posted by emjaybee at 12:25 PM on April 17 [3 favorites]


They often use the racism of those at the bottom to get them to go along with the destruction of social programs, but I don't think that's the prime motivator. If all poor black people were replaced with poor white people, you wouldn't see the right embracing the New Deal all of a sudden.

I get what you're saying and I certainly think capitalism and racism are seriously intertwined, but I don't feel like that makes it any better. It's like saying, "Well, sure, they eat their own shit, but not because they believe in it, just because it's convenient." The fact that racism isn't repulsive enough to these people to prevent them from using it as a rhetorical cudgel is a serious character flaw, not an excuse.
posted by Snarl Furillo at 12:29 PM on April 17 [2 favorites]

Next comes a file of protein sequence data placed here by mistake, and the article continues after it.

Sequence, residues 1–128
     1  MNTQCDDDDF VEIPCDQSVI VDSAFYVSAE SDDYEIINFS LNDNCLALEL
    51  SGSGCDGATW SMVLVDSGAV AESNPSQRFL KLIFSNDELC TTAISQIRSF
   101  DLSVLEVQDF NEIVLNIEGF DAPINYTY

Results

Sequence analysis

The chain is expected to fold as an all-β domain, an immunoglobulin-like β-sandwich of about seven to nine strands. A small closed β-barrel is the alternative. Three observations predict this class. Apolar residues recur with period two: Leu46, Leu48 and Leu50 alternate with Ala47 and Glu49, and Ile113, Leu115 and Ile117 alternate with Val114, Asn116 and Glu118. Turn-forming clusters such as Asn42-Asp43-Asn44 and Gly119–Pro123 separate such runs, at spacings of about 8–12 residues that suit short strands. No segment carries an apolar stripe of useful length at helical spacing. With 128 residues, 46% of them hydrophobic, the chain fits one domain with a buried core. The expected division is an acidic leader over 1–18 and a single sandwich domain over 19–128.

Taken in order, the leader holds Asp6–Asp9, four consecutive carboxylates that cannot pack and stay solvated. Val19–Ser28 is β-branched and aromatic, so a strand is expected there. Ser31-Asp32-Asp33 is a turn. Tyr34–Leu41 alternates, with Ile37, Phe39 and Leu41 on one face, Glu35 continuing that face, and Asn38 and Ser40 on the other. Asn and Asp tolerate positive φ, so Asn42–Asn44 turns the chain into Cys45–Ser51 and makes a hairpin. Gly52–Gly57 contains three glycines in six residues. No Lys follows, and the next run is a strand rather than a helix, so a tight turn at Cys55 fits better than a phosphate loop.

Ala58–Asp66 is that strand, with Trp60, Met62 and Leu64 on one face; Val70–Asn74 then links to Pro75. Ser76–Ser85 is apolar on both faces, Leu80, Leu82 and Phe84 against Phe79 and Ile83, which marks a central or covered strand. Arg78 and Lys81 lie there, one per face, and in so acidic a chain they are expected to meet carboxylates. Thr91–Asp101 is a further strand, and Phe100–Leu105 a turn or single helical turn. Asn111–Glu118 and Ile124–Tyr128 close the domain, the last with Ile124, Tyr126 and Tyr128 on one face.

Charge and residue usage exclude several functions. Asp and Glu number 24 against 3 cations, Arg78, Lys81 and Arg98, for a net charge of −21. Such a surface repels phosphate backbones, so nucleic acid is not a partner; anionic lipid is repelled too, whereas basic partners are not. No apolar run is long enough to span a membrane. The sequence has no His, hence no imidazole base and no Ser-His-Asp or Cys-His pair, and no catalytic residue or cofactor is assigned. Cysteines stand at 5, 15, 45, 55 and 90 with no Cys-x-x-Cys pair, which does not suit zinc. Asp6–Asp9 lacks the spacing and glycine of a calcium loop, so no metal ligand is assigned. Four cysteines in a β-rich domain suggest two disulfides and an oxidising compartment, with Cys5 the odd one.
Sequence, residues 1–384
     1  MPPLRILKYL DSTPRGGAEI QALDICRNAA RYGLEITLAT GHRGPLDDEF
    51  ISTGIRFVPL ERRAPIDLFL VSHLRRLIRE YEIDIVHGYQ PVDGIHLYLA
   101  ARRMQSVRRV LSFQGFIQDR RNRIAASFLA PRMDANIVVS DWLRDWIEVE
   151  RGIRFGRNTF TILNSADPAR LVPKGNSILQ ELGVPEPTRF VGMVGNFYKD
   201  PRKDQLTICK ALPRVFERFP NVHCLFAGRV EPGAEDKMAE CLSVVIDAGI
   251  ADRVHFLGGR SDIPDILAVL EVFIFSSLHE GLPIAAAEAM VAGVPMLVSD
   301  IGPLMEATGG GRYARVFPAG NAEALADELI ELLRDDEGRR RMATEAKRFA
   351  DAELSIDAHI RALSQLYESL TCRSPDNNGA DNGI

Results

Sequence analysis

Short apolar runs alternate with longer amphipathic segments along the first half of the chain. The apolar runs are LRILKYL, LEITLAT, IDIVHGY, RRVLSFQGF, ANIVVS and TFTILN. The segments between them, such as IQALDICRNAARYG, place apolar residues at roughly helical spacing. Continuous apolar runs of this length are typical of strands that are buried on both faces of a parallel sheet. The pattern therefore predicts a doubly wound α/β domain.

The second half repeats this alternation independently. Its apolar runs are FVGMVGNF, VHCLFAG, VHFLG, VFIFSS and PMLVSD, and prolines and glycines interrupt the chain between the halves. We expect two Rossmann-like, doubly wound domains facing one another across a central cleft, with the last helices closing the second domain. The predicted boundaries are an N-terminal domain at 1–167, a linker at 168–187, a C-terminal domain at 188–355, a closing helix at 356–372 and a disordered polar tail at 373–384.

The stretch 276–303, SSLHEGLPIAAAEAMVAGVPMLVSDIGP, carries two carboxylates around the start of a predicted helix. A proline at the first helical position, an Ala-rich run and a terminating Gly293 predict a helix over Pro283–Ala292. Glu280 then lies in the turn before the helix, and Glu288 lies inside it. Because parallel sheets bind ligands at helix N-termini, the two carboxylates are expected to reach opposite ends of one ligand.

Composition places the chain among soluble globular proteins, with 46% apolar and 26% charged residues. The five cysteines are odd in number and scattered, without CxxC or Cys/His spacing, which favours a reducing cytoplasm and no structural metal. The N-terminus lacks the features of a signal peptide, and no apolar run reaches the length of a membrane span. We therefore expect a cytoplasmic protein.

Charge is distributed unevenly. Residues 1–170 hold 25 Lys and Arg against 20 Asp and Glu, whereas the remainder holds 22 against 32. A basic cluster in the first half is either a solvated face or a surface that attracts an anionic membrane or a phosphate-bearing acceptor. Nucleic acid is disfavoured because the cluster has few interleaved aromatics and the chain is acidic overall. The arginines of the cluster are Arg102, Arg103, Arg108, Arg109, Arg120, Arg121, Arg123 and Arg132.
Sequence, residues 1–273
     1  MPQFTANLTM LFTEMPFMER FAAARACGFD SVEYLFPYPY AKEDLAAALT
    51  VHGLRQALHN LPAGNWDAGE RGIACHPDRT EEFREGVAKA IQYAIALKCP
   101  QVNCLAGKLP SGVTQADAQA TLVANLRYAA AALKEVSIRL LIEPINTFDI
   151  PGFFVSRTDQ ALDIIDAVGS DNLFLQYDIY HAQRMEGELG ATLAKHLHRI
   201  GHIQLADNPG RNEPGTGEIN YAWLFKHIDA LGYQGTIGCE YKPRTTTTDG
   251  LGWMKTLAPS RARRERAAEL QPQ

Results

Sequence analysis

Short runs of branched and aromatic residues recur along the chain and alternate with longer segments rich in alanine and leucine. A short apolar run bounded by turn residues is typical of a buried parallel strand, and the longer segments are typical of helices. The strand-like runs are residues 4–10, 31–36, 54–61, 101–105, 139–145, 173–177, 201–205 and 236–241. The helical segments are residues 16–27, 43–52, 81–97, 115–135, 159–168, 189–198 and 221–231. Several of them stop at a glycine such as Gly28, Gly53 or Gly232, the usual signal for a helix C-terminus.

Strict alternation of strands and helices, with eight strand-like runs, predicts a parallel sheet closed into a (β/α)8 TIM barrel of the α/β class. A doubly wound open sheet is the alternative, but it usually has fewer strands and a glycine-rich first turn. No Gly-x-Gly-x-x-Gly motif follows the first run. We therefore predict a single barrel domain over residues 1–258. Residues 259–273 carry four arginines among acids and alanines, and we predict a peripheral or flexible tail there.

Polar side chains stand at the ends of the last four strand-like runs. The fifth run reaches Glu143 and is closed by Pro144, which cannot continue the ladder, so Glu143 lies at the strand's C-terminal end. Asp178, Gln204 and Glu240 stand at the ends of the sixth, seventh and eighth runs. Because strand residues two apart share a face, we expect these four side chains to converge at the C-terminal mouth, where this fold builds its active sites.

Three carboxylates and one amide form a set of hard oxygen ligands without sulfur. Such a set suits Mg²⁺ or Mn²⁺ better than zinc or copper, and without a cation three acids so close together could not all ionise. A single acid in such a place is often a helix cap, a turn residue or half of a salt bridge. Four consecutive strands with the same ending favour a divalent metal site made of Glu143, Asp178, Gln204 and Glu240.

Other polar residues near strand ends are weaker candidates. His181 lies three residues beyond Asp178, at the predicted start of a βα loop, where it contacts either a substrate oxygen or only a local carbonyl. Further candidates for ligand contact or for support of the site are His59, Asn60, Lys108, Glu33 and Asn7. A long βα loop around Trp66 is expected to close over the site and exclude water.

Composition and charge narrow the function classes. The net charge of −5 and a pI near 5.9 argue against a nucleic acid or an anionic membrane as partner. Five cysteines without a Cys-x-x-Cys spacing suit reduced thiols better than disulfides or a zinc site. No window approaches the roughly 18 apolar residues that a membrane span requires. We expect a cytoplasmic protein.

A school system with a 35 percent annual student mobility rate, with half of its students living at the poverty line, with most of their parents having only a high school education -- with National Assessment of Educational Progress (NAEP) scores among the highest in the U.S.? It sounds more like an ambitious goal than an actual district profile.

I give you the DoD school system.

And they are integrated, and have been for a long time. Military brats receive an excellent K-12 education, on par with the best public schools in the country. So we already know how to run a Federally funded school system, all we need to do is scale it up.

Although in reality it wouldn't be that easy. The military base environment affords the schools some advantages that the public schools don't have, like kids growing up in a home where disciple is a thing.

#AirForceBrat
posted by COD at 12:39 PM on April 17 [9 favorites]